The latest data from the eurozone's Purchasing Managers' Index (PMI) is not encouraging in the least and has led to some pretty dire predictions for the region as well as the world in general. This data combines with the latest reports from the International Monetary Fund (IMF), Organization for Economic Cooperation and Development (OECD) and World Bank to paint a picture of decline as the year progresses. The big question is whether these declines will be able to drag the U.S. down with them. It is certainly unlikely the U.S. will have the strength to drag these other nations out of their lethargy. The PMI numbers for the eurozone are now sitting at 46.4, the lowest level seen in 79 months. The reading in June was worrying enough as it came in at 47.6. The hope had been that June was something of an anomaly and July would have improved a bit. The continued slide has many concerned that something endemic is at work and digging out of the mire will be very challenging.
Analysis: As is generally the case, the Germans and the French are the prime movers of economic activity in Europe. German manufacturing is hitting a seven-year low and the worst seems yet to come. There was a short-lived growth period for French manufacturing, but that has stalled. The issues pulling on Germany and France are not new, but there had been some faint hope that conditions were starting to stabilize and even improve, but that no longer appears to be a real possibility until some key factors are dealt with.
There are three issues that seem to be the most important as far as eurozone decline is concerned. It is important to note that while there has been a marked drop in the manufacturing sector, the service sector has been holding its own. The reading for the service sector PMI was 53.3, only slightly less than the 53.6 in June. These are still very healthy numbers. This matters as far as European economic stability is concerned as the service sector is by far the more dominant for GDP and employment.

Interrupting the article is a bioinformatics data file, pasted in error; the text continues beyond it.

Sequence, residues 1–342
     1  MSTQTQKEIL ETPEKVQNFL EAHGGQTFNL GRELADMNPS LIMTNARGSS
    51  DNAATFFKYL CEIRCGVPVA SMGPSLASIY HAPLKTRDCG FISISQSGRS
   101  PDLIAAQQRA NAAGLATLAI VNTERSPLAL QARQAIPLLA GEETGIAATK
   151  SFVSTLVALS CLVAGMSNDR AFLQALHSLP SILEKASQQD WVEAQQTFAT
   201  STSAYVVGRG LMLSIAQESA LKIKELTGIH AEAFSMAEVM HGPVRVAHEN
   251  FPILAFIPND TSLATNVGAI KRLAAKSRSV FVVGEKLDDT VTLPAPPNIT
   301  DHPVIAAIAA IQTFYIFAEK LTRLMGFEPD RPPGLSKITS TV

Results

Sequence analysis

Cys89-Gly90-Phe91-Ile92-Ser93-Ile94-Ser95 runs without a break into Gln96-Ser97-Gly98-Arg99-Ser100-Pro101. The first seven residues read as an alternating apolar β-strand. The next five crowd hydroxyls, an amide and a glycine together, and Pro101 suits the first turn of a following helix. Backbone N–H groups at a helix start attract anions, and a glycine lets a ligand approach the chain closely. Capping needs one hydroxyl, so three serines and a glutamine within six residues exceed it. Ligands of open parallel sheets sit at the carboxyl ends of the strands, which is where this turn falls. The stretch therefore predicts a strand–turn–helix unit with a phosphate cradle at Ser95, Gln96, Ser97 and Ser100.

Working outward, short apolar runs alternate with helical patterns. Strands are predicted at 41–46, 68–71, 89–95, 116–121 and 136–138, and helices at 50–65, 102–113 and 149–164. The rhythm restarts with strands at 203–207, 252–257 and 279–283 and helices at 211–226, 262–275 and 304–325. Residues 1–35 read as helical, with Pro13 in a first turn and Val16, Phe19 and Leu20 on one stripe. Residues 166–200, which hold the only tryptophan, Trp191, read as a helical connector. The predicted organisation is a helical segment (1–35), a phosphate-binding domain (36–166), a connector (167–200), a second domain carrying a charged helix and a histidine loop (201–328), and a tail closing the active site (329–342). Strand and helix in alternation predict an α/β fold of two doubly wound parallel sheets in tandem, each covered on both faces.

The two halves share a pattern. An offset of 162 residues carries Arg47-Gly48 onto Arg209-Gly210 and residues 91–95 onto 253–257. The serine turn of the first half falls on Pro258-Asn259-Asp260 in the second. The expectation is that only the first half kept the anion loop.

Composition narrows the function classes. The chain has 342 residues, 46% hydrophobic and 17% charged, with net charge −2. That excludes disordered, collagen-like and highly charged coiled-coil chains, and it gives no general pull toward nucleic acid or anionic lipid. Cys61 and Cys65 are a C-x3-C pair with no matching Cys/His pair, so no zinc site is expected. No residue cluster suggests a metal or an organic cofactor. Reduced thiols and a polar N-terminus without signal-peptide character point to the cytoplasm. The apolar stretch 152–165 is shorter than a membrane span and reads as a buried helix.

The first issue affecting manufacturing is Brexit. The British have been among the biggest trade partners for the Germans over the years—No. 4 in terms of imports and No. 3 in terms of exports. The uncertainty over how the U.K. will leave the EU has been of great concern to German business. Now that Boris Johnson is set to become the next British prime minister, the sense is the U.K. will come crashing out of the EU with devastating impact on Germany as well as much of the rest of Europe. The German industrial community is expecting the worst and has been preparing to significantly reduce their activity.
The second issue is also trade related as Germany depends on exports to fuel the manufacturing economy. The top export destinations for German goods are all struggling to one degree or another. France is No. 1, followed by the U.S., the U.K., China and the Netherlands. All of these trading partners have been having their issues. France has been hit by strikes and some other factors that have affected productivity. The U.S. economy is healthy enough, but there have been new trade barriers appearing almost daily as the political shoving match between Trump and Chancellor Merkel continues. The Chinese economic slump has been a challenge for Germany as this was supposed to be their new market easing their dependency on Europe and the U.S.
The third issue has been a less engaged consumer. This is not unique to Germany as every modern state has been contending with the pattern shift by Millennial buyers. They are far more interested in purchasing services than goods. They are "experience buyers" and not "accumulators." This is one reason the service sector has been progressing while the manufacturing sector continues to languish.
India Still Gets in Its Own Way
There were supposed to be some winners from the trade war between the U.S. and China, and India was at the top of the list. It was assumed the Indian manufacturers would be able to swoop in and grab market share from the Chinese and many analysts bet heavily on rapid Indian economic growth. Thus far, this has not taken place as India's old issues continue to hamper their development. The Chinese are indeed losing market share, but not to India—at least not to the level that had been expected. Nations like Vietnam and Thailand have seen expanded opportunity, while India continues to weaken.